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Explore Avoncliff

Westwood and Winsley, Bradford on Avon, Wiltshire

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Avoncliff from Turleigh

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The hamlet of Avoncliff is shared by the parishes of Westwood, on the southern side of the River Avon and Winsley on the northern. It lies in a narrow part of the gorge-like valley, where a weir provided power for mills on both sides. The river, the Kennet & Avon Canal and the railway are the most notable features.

It is named after the steep side of the Avon valley leading up to Westwood. It was first named, as Aveneclife, in the reign of King Henry II (1133-1189) and appears later in various forms, including Ankly, Anclift and Ancliff, showing that the pronunciation of Avon was like Welsh afon, not as modern “ayvon”. The name was used for the whole steep slope as far as the confluence of the Avon and the Frome. There was also a place name Avoncliff on the Winsley side, but further down the river.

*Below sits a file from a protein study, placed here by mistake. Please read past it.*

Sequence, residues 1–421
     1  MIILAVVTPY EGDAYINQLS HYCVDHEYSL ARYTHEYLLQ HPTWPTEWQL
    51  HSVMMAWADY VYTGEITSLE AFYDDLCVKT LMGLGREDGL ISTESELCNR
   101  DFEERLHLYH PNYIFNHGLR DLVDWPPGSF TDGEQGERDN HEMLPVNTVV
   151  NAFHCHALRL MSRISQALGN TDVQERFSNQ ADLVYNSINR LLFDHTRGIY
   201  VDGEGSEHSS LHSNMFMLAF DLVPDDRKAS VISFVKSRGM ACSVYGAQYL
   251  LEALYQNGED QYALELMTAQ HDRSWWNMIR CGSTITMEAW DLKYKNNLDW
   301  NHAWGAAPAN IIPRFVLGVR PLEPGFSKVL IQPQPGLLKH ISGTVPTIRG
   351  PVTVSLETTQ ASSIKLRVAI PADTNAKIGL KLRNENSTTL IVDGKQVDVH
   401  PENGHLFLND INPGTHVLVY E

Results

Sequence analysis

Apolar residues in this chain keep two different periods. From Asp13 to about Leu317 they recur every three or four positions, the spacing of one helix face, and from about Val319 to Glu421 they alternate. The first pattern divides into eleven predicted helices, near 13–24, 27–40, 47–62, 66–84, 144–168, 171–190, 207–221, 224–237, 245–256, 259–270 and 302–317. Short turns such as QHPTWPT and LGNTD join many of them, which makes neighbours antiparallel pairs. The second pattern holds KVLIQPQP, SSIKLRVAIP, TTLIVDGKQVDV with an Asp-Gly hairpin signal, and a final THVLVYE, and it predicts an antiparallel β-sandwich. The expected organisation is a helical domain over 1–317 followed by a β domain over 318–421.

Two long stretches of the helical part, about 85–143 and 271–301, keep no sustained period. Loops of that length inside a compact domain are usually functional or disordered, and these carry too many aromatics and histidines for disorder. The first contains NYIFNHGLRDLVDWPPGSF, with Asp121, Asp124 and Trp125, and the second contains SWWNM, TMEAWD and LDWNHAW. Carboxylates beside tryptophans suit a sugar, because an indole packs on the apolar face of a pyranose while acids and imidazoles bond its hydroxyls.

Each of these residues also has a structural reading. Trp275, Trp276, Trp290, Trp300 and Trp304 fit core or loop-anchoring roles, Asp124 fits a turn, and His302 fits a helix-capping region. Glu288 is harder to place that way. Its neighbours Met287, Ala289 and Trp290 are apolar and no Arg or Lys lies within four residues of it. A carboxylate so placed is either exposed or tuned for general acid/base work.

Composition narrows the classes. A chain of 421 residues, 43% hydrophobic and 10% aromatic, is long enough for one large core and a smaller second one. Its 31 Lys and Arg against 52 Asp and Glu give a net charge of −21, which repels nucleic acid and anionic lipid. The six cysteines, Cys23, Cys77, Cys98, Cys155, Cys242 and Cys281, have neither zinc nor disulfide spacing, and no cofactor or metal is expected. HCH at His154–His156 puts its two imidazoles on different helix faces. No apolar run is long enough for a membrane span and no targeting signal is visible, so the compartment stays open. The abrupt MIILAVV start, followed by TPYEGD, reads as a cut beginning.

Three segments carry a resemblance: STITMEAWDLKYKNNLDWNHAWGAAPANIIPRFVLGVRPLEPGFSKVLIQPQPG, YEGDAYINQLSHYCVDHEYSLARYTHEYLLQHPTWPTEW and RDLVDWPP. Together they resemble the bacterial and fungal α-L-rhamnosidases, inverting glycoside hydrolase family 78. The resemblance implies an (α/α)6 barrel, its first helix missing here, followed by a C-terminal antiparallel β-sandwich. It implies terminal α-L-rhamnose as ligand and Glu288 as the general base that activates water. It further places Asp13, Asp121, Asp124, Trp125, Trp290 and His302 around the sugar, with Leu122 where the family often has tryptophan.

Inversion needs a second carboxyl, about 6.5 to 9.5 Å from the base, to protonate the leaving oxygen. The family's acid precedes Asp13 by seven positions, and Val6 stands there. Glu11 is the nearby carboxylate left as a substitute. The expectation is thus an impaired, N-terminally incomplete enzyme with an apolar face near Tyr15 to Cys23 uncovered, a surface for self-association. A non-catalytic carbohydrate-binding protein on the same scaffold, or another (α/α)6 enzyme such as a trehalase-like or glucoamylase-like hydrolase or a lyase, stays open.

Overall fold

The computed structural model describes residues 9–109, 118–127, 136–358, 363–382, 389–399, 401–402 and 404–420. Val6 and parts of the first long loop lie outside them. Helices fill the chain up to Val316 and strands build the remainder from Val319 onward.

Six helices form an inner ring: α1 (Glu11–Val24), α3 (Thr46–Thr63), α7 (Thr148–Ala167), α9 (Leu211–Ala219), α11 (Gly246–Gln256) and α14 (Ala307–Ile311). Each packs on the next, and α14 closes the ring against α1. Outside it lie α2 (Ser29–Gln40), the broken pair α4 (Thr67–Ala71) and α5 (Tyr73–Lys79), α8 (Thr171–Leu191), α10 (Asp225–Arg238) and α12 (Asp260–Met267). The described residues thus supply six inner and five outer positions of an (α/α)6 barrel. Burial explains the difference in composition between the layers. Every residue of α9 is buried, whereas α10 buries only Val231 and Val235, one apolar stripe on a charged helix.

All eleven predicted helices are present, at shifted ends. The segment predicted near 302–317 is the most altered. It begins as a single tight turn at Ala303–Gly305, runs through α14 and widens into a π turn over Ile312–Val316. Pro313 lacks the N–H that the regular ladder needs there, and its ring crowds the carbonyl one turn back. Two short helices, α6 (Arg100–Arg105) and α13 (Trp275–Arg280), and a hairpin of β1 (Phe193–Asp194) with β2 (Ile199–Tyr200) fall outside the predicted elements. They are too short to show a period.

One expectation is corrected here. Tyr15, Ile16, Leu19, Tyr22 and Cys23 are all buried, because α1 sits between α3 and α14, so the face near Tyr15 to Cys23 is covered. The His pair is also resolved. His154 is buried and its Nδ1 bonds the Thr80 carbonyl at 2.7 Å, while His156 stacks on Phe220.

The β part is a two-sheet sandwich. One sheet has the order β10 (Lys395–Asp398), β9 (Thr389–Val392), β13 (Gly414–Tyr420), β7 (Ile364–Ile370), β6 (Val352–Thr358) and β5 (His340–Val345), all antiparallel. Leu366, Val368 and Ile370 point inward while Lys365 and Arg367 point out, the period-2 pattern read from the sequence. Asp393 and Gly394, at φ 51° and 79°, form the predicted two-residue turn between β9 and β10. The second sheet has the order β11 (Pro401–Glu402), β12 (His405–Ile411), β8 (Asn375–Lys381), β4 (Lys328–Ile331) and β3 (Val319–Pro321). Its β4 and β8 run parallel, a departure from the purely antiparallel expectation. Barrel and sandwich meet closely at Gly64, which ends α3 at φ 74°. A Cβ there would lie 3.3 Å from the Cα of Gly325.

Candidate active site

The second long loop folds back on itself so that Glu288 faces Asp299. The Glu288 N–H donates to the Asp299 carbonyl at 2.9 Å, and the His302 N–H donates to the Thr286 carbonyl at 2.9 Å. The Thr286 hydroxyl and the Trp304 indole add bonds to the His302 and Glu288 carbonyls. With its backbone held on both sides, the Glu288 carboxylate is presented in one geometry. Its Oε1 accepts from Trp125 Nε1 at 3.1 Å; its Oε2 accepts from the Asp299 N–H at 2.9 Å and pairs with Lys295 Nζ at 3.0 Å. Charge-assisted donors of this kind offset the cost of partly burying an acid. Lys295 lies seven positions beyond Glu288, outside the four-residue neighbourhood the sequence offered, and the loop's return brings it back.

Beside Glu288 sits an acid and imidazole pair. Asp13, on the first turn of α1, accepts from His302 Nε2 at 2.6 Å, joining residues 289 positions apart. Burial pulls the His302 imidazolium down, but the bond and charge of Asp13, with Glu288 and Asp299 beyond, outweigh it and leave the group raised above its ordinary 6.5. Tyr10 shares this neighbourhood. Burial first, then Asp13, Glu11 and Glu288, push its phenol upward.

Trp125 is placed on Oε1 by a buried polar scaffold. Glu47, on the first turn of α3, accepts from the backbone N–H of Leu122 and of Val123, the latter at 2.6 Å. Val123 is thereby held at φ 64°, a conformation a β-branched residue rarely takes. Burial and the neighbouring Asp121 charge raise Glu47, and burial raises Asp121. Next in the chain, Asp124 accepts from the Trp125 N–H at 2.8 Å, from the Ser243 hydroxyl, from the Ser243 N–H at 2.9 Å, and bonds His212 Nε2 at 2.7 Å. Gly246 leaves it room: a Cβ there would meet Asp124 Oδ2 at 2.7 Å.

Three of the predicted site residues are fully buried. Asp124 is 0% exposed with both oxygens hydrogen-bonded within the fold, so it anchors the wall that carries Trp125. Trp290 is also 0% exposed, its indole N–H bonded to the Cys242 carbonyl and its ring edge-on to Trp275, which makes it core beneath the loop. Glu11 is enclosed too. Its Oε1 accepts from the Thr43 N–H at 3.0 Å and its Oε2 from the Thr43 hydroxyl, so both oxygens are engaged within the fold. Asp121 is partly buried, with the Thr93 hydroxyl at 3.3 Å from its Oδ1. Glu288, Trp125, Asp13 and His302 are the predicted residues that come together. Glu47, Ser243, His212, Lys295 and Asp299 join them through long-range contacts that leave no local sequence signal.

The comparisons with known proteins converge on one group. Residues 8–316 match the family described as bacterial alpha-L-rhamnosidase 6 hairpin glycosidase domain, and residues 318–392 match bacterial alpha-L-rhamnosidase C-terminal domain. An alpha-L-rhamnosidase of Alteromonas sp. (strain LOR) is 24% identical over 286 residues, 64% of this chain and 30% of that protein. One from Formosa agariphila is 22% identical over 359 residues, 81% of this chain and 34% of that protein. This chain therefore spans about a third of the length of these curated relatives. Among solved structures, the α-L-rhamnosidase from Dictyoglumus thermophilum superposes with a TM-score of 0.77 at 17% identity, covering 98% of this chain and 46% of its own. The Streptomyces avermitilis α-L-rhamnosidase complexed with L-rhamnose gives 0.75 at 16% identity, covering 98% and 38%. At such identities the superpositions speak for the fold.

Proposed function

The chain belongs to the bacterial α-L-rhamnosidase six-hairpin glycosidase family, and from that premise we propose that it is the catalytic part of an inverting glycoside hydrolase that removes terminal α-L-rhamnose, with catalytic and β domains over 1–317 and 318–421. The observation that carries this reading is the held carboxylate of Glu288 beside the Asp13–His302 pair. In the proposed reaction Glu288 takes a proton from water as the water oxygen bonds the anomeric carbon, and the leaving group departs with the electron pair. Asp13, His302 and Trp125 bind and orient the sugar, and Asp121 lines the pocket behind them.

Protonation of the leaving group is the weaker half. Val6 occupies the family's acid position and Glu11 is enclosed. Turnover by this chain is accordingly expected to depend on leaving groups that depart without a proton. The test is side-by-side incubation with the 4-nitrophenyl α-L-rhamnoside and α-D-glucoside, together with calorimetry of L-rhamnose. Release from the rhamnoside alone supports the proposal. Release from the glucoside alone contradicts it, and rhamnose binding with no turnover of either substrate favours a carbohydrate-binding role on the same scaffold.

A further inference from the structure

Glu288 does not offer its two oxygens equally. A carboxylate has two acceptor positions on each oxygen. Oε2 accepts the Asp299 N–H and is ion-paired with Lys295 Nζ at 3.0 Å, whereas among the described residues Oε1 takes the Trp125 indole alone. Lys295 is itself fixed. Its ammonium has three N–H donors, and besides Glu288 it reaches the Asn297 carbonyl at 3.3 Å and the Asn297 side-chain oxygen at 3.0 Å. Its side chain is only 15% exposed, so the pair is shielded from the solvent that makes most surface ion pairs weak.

A mill on the Westwood side was noted in the Domesday Book in 1086, paying 10 shillings a year and belonging to Winchester Cathedral, like the rest of the manor of Westwood. It was a grist (flour) mill for most of its existence, but was converted to fulling woollen cloth in 1763 and became the centre of a large factory at the end of the century.

The mill on the northern, Winsley, side might have been the second of the two mills in the manor of Bradford listed in Domesday Book, but this could equally have been at Limpley Stoke or in Bradford itself. A mill was certainly there in 1249 when a boy named David was killed by the wheel and a miller is mentioned in 1439. It had a changeable career in milling flour, making flock and shoddy from recycled clothing in tandem with the Westwood mill, making green colouring from chlorophyll and firelighters. Both mills have burnt down- Winsley in 1883 and completely rebuilt and Westwood in 1901 after which it was reduced from four floors to two.

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Avoncliff Aqueduct

Apart from the weir, the Westwood and Winsley sides are connected by the Kennet & Avon Canal’s Aqueduct, which was built in the 1790s to the design, like the rest of the canal, of John Rennie. The low central arch has sagged, but a reinforced concrete trough was made to hold the weight of water when the canal was restored in the 1980s.

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